A chef has taken the skills he learned at Rugby College to the Antarctic as part of the team moving a British research base.
Richard Priestland, from Kilsby, works as a chef at the Halley VI Research Station, on the Brunt Ice Shelf along the coastline of Antarctica.
The British Antarctic Survey (BAS) is in the process of moving the base after cracks appeared in the ice.
Richard said: “My past jobs have included working in five-star hotels in London and Newbury to working in ski chalets in the French Alps and also time working in Manchester and the Cotswolds.”
It’s a world away now, as he is dealing with tinned and frozen foods in a kitchen where the nearest food delivery is 40km away.
Richard said: “Fresh ingredients are a real luxury, we had one delivery by boat around Christmas and the stocks are dwindling now. Only the potatoes and eggs have made it until now still fresh. Everything else is frozen or dried or tinned.
“It’s a real challenge using the different set of ingredients to what I’m used to in the UK.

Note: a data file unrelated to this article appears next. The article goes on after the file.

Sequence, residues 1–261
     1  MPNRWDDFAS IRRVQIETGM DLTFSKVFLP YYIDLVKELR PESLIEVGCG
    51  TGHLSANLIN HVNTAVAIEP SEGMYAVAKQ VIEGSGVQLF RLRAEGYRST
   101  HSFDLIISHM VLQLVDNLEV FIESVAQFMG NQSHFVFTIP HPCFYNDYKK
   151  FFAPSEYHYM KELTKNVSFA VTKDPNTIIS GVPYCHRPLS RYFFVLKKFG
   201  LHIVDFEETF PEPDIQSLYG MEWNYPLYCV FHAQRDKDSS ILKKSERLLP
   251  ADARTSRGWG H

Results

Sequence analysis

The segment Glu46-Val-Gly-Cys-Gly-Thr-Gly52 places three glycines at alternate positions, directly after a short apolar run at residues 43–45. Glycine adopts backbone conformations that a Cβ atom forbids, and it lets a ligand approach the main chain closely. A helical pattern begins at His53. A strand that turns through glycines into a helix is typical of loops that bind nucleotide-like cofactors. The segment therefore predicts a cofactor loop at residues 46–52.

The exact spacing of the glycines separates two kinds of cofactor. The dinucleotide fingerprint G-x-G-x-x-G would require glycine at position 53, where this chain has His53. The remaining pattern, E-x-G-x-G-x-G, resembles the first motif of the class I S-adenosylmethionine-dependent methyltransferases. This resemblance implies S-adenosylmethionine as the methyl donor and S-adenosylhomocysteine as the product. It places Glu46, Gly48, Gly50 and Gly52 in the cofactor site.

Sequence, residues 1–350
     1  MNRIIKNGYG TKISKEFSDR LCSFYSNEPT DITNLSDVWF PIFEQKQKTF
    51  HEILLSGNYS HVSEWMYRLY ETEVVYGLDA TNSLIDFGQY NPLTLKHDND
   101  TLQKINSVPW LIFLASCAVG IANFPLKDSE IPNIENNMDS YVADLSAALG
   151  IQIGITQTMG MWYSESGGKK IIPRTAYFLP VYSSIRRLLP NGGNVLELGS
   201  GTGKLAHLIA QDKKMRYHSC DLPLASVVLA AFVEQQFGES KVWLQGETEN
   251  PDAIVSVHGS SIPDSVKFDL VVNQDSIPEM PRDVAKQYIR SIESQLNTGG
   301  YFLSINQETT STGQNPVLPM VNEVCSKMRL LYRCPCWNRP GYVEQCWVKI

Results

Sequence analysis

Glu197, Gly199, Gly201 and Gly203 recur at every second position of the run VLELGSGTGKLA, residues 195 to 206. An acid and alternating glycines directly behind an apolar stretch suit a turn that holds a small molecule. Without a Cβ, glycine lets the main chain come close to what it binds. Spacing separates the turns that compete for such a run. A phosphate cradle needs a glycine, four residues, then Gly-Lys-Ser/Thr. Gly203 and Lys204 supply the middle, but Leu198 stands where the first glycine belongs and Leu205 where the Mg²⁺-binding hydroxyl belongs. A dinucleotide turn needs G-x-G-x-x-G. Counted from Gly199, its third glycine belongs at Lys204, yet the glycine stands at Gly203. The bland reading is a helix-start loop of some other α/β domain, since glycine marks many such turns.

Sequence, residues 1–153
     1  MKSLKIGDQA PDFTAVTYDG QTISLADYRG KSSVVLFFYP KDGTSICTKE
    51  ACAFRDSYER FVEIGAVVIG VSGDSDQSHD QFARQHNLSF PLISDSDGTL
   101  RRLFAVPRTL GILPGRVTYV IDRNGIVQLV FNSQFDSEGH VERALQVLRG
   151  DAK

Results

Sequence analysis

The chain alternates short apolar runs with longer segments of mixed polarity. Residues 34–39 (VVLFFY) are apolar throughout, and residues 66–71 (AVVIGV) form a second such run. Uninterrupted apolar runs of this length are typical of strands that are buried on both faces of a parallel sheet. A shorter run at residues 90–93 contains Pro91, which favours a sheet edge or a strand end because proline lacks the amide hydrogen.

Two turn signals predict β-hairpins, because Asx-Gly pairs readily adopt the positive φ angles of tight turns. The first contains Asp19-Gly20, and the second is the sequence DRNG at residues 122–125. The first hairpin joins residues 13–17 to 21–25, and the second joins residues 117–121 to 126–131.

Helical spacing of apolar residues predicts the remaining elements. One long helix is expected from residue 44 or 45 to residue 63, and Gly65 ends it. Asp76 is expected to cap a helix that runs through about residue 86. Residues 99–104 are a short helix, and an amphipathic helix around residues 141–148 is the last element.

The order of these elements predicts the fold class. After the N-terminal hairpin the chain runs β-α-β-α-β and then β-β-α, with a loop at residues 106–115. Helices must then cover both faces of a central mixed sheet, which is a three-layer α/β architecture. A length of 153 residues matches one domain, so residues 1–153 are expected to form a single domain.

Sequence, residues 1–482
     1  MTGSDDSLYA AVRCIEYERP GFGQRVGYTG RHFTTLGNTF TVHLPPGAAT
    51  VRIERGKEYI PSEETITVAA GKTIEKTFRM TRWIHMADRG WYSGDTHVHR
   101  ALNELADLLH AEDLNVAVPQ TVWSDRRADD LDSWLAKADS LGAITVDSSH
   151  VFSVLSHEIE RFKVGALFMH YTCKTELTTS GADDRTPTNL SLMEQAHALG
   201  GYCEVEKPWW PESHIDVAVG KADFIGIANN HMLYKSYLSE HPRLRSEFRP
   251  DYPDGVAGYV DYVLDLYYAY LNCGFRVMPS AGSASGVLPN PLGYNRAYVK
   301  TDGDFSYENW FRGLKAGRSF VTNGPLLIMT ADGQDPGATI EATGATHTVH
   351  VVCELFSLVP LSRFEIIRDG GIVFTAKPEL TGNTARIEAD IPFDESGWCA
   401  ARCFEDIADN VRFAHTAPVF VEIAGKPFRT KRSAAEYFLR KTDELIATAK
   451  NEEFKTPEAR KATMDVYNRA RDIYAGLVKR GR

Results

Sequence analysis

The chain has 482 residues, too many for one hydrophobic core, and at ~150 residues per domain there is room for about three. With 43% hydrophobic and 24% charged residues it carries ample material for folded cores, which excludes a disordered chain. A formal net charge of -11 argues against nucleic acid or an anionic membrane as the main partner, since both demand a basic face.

“I’m required to cook ridiculous amounts of food here – a huge cooked breakfast, massive hot lunch, cake in the afternoon and a large dinner.
“Everyone leaves the base at the end of the season putting on so much weight.”
The Halley base, and its ancillary buildings are designed to be relocated. The BAS is making the move now, during the Antarctic summer.
Richard said: “The weather is OK but very changeable, it hovers around -10C to -5C except when there’s a storm and it can plummet to -25C with five metres of visibility.
“Sometimes they have to put a ban on travel outside when it’s blowing a storm.
“The majority of the staff are based in a building on skis called the Drewery which is just a housing unit which they can drag. Other people are staying in modified containers and I’m staying in a tent at the moment which is freezing.
“The main base which people see on TV and the internet only has enough space for the winter team to stay in.”